In this work, we demonstrate the ability of our MIL algorithm–based approach to identify potential binding sites and, through the presence of such a site, the function of the protein. This is done without knowledge of the binding sites during the training process. Essentially, one can both identify the function of and locate a binding site on a test protein without knowing, during the training process, the location of such sites. One can view MIL over structure-based features as sub-structure analysis where were consider a sliding window along the amino acid chain throughout the structure. Thus, a user only requires knowledge of the protein function, not the particular site, yet the resulting learning algorithm can predict both.

The proposed approach also has several advantages over traditional homology-based methods:

● Does not rely on finding a similar structure/sequence

● Discovers functional sites with little prior knowledge

Our method does not require homologous sequences or structures; instead, it relies on physio-chemical characteristics in combination with (when available) structural features. It can also be applied to problems where knowledge of the functional site is limited. We also provide an analysis of MIL algorithms on the instance level. In some previously published MIL works, the authors evaluate their algorithms on the bag-level since instance-level labels are either unavailable or unreasonably expensive to obtain.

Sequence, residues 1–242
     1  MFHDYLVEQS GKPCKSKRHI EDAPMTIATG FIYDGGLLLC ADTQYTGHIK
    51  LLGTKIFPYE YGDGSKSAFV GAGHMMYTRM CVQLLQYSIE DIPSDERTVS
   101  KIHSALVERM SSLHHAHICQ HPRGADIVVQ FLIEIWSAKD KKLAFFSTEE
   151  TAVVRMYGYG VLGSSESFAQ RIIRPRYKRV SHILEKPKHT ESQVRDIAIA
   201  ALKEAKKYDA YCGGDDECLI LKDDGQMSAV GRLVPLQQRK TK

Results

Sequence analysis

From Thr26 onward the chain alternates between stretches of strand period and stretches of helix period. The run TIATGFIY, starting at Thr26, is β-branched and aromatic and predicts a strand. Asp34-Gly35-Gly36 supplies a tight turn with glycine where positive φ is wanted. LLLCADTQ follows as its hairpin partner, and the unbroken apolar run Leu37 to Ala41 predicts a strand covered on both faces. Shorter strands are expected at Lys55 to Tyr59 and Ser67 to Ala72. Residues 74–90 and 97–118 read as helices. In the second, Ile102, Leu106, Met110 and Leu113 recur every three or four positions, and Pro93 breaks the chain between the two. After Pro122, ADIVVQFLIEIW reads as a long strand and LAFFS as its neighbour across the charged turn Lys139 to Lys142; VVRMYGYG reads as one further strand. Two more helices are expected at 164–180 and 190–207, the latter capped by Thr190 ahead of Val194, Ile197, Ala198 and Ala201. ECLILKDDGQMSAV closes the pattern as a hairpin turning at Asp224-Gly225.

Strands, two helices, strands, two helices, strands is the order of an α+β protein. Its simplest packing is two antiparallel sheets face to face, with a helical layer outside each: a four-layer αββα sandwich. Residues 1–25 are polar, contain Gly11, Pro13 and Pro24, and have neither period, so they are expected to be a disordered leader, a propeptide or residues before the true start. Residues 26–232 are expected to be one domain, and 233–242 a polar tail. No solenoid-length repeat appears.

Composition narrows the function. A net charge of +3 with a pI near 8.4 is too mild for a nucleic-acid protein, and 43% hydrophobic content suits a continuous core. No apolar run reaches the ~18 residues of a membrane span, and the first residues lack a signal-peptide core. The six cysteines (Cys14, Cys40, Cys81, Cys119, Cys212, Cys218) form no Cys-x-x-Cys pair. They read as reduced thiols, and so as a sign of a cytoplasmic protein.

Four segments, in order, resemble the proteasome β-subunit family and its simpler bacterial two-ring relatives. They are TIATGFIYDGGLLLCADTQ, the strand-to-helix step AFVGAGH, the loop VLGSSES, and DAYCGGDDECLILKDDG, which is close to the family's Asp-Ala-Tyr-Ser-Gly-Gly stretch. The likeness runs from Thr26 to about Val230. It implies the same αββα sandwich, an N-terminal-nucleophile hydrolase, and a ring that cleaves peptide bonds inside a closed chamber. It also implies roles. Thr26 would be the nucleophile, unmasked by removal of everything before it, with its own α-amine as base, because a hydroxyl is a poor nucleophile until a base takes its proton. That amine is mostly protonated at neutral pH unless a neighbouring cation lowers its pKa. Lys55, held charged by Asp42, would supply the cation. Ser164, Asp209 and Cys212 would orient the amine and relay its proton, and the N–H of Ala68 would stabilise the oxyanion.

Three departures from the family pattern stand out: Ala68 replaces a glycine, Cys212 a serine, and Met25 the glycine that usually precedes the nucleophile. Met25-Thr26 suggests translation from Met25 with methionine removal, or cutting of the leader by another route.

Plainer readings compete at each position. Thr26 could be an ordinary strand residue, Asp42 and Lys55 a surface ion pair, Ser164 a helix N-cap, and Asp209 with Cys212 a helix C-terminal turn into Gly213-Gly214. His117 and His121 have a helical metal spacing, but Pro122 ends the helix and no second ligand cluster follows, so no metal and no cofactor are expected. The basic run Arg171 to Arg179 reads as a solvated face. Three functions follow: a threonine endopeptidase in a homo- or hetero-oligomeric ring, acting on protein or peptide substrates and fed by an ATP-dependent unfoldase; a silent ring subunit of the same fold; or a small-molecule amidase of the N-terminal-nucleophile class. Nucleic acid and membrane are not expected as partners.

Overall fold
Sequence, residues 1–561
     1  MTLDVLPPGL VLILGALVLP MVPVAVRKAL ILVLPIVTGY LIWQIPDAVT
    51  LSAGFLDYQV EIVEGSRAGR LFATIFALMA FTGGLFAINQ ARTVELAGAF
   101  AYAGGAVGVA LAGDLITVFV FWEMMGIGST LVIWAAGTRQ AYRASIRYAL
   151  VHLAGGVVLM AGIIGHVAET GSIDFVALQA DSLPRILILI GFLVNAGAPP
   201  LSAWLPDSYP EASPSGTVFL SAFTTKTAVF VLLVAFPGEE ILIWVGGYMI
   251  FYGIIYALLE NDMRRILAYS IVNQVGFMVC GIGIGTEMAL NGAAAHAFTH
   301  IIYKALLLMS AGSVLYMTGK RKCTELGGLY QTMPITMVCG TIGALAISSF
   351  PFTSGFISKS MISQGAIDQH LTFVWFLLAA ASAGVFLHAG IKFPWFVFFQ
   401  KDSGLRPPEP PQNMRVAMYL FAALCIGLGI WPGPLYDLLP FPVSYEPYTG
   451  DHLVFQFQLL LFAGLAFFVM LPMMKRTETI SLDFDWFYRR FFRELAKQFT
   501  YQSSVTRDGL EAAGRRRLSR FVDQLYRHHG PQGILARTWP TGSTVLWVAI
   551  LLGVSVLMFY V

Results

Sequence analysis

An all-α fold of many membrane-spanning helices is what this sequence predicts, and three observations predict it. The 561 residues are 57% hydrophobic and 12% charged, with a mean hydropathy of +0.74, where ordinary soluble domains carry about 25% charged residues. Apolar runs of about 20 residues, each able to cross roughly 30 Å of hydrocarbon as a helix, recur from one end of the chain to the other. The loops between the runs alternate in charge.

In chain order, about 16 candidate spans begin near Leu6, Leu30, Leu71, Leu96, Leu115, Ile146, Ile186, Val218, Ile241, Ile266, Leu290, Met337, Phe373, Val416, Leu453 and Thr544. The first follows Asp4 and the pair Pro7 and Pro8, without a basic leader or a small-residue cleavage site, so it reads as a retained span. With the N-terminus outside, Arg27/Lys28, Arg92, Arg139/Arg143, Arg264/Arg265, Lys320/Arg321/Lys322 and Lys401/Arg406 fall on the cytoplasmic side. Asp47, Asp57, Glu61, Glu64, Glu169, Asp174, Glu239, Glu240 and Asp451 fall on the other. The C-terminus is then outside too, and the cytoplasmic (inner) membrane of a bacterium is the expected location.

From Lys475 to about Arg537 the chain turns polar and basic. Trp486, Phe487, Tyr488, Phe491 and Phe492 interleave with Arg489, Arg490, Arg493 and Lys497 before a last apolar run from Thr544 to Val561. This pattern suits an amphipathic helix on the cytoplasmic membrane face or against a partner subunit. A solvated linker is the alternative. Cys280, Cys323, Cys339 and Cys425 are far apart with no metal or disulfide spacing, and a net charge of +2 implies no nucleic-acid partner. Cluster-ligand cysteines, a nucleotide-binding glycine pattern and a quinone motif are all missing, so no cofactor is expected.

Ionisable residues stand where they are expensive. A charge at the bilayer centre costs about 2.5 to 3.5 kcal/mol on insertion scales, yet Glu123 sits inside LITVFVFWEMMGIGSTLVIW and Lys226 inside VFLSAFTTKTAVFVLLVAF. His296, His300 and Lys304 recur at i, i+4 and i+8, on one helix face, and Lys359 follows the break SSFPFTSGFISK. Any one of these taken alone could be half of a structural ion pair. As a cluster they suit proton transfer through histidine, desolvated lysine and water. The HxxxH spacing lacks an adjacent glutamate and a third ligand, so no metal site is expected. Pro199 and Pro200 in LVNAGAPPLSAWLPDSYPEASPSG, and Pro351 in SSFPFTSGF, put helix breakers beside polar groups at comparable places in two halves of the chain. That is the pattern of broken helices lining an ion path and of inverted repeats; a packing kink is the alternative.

This works establishes the ability of our MIL algorithm–based method to outperform classification in discriminating RNA- or DNA-binding proteins from non-binding proteins. The success of this approach relies on the better representation of function permitted by the MIL problem formulation. Instead of representing the protein sequence or structure by some global representation, the MIL approach allows the entire protein to be decomposed into potential functional units and discovers which unit actually performs the function. Developing a feature encoding for a single functional unit is far easier than for the entire protein sequence or structure.